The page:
An antioxidant is any substance that promotes health by removing reactive species that may otherwise exert harmful effects in the body. The origins of the biological effects of antioxidant goes back to antiquity e.g. the time of Egyptians as evidenced by the remarkable preservation of dead bodies in part due to the use of plant polyphenols in the embalming process. Years later such antioxidants were considered “elixirs” of youth and the interest in antioxidants began to spike. Since the 1980’s, both the number of research papers on the subject and the number of natural products on the market with an antioxidant claim have grown exponentially. Today, the term antioxidant is so widely perverse that it has become an almost meaningless term!
There are tens of thousands of natural compounds that have demonstrated antioxidant activity and hundreds of thousands of natural products (dietary supplements) on the market with an antioxidant claim.
The plant and marine kingdom are full of natural compounds with antioxidant activity. These include flavonoids; a huge category that is further subdivided into six subcategories which includes the colourful anthocyanins, which gives berries their striking colours; quercetin, which is abundant in apples and onions and also polymethoxy flavones from citrus fruits. Polymethoxy flavones, especially, are generating much excitement due to their potent anti-cancer activity. Resveratrol, is another ingredient abundantly found in wine and other herbs that is associated with increased life span at least in yeast and worms and with possible implications for humans.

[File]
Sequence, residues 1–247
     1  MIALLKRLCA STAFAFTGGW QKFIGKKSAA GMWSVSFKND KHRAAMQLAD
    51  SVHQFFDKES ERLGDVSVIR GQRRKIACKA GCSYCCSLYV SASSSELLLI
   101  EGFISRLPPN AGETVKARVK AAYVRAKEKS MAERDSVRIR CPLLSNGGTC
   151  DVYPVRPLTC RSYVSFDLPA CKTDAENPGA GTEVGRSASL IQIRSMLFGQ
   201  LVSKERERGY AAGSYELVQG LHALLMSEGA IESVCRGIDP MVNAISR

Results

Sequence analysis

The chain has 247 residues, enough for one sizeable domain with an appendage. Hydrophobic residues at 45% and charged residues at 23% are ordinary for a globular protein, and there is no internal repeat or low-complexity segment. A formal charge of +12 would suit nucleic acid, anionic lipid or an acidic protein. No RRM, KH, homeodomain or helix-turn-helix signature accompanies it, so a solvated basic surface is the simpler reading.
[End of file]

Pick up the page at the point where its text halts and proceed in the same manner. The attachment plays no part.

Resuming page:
Similarly, various carotenoids including zeaxanthin from paprika to lutein from marigold flowers to fucoxanthin from the algae offer exciting possibilities for health. Likewise, the powerful curcumin from the turmeric root which is widely used in Asian cuisine to catechins from green tea all exhibit powerful antioxidant effects.
All these natural chemicals are able to quench the nasty free radicals generated from oxygen, nitrogen and sulphur, all of which are so reactive they cause damage as soon as they come into contact with the various compounds in tissues of the body. This includes the DNA found in the nucleus, lipid molecules of cell membranes and proteins and amino acids that form the structural components of skin, joints, nerve cells etc.
Antioxidants have a long history of use in the nutrition and the food industry. The traditional understanding has been that antioxidant chemicals promote health by removing these reactive species. According to this definition, most reactive species were considered to be harmful, implying that maximizing antioxidant concentrations could minimize the risk of disease. The public has become too familiar with the term antioxidant and equates it to a chemical that is good for our well-being. Antioxidant foods, drinks, cosmetics and supplements abound.
Extensive research has found that quenching these radicals is normally associated with good health. After all, if you neutralize these reactive species one can mitigate molecular and cellular damage.
Physicians and the natural health industry have enthusiastically embraced antioxidants overwhelmingly, to the extent that antioxidants are recommended for any and every disease.
From a commercial, retail and a physician’s viewpoint a major difficulty occurs – how to select the best antioxidant from a list of tens of thousands? Various assay systems have been developed to measure or assess the antioxidant capacity of such molecules. These include: total radical-trapping antioxidant parameter (TRAP), trolox equivalent antioxidant capacity (TEAC), ferric reducing antioxidant power (FRAP), etc. One popular assay system called the Oxygen Radical Absorbing Capacity or ORAC is a widely used assay. Essentially, the compound being tested (the antioxidant) is added to a liquid mixture containing a fluorescent dye and a known oxidant (the nasty free radical) in a test tube. The oxidant causes the dye to fluoresce. The antioxidant combats this action and the rate of disappearance of the fluorescence is a measure of the ORAC.